Extending TARP to trucking industry raises questions
Transportation giant UPS said it’s studying the issue of federal bailouts for financially ailing trucking companies but wouldn’t comment directly on competitor YRC Worldwide’s request for $1 billion in federal aid.
“The bottom line is, we don’t comment on the financial difficulties of our competitors,” said UPS spokesman Norman Black. On whether the treasury department program which has so far has sent money to the banking, automobile and insurance industries should be extended to the trucking industry, “we’re still looking at that,” Black said.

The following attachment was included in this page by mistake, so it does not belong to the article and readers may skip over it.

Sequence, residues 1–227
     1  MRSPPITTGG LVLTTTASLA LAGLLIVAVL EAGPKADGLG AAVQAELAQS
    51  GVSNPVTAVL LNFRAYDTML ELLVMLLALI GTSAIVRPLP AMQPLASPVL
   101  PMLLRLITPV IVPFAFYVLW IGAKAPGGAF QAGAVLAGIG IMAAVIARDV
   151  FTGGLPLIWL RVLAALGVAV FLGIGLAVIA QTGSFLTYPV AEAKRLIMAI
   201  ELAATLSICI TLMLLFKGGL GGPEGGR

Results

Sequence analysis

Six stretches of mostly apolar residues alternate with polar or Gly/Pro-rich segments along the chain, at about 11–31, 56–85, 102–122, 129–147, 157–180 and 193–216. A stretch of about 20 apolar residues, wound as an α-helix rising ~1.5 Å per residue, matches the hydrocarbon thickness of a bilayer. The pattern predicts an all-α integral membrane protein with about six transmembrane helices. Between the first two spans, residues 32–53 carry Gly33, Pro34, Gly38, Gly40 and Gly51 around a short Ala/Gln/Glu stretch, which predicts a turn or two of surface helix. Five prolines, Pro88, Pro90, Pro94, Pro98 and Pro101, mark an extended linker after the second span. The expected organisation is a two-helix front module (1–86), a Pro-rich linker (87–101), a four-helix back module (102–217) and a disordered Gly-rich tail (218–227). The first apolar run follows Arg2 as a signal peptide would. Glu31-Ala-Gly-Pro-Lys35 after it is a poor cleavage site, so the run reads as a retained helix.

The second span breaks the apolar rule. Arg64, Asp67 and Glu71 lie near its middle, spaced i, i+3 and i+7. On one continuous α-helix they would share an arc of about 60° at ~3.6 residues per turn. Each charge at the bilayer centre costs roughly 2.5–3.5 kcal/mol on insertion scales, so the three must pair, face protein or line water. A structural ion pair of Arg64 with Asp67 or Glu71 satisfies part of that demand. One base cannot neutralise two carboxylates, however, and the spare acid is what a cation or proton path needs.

UPS paid $6.1 billion to unshackle itself from its own pension liability in 2007. Industry observers said at the time that allowing UPS to exit the pension plan, which covered 240,000 union parcel workers, was part of a quid pro quo with the Teamsters that gave the union an unhindered path toward organizing UPS Freight, the company’s less-than-truckload subsidiary, through a terminal-by-terminal card check agreement.
One Wall Street analyst wondered, “If YRC is allowed to get $1 billion from TARP, is UPS allowed to get a $5.1 billion refund?”